Giant iceberg in the Antarctic is a threat for the shipping industry in the region. The iceberg is with origin Pine Island Glacier. In the moment the object is moving and melting. For safety reasons the icebergs in general have to be tracked.
Professor Grant Bigg of UK's University of Sheffield received £50,000 from the Natural Environment Research Council (NERC) for 6 months. The iceberg's movement will be tracked, data will be collected, the trajectory and the melting process will be also in constant surveillance. The data collected will give the shipping in the area more reliable information for safe passing. Associated agencies working in the Southern Ocean will receive more accurate warnings.
Recent years from Greenland or Antarctica more and more icebergs are floating on the surface putting in danger ships passing the icy areas. Tracking and collecting data for trying to predict the route and the condition of the enormous blocks of ice. Arctic sea-ice is melting, for that reason more and more vessels will choose the polar route (for being shorter) and the collected information will be crucial for the shipping industry.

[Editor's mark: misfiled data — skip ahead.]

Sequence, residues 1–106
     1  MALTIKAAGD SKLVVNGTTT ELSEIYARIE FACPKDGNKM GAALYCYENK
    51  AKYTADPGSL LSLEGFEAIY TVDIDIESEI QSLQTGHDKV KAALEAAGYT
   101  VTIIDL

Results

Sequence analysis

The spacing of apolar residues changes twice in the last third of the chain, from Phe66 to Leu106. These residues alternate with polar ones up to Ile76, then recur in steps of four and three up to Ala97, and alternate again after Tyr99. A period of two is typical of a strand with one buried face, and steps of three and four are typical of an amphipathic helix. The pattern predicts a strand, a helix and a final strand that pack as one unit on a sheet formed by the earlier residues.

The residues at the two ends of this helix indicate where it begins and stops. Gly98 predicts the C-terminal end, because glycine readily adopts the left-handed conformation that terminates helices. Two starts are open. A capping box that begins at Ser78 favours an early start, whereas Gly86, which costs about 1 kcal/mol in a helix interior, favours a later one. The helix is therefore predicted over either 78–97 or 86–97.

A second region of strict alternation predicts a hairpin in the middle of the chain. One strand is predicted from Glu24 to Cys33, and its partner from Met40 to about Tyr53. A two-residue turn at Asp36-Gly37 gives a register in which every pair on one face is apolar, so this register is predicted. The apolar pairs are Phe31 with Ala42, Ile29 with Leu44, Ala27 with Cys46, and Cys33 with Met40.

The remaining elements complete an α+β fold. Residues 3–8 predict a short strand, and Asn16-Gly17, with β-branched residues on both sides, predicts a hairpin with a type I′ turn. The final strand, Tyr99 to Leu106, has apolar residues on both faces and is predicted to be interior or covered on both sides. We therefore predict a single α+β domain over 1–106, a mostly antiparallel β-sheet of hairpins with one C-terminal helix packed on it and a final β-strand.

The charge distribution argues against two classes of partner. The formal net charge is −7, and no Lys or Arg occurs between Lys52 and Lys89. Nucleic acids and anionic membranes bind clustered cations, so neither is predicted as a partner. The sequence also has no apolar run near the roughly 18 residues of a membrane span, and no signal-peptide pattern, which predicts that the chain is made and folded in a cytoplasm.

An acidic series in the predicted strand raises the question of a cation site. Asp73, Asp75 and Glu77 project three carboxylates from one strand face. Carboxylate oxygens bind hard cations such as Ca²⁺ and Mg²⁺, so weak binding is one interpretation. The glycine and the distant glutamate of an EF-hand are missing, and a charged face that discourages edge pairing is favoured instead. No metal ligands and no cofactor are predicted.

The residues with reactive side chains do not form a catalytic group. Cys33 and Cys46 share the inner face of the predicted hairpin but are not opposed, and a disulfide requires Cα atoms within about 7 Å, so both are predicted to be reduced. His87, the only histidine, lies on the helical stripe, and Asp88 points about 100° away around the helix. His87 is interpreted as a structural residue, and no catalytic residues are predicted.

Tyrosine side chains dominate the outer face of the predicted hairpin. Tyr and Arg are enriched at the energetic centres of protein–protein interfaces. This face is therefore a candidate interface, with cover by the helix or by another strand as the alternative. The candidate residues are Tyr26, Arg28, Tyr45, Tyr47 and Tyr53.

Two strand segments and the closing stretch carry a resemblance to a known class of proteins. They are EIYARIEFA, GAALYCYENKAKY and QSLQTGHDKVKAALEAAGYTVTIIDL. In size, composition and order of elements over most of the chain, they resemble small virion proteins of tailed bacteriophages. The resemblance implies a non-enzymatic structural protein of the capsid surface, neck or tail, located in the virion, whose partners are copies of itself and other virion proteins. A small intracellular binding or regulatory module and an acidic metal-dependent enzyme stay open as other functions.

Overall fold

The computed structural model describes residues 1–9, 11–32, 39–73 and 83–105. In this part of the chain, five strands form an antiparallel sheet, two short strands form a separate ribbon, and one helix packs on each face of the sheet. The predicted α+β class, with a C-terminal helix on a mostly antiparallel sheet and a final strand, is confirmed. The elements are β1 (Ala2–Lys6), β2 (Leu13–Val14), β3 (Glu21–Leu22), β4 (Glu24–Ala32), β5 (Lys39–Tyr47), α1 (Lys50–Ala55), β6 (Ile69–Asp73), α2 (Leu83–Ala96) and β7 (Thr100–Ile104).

Professor Grant Bigg is experienced in "Icebergs", climate change and society. Dr. Bob Marsh, an ocean modeller at the University of Southampton also takes part in this project.
The NERC is the UK’s main agency for funding similar projects, training and knowledge exchange in the environmental science.
The number of icebergs is constantly growing recent years and at the moment there are 15, 000 new icebergs each year. With this speed it is predicted that each year in the future 40, 000 icebergs will emerge.
The serious problem for the shipping industry is that the icebergs are not predictable at the moment. Bigger icebergs break also in pieces and that makes the situation worse.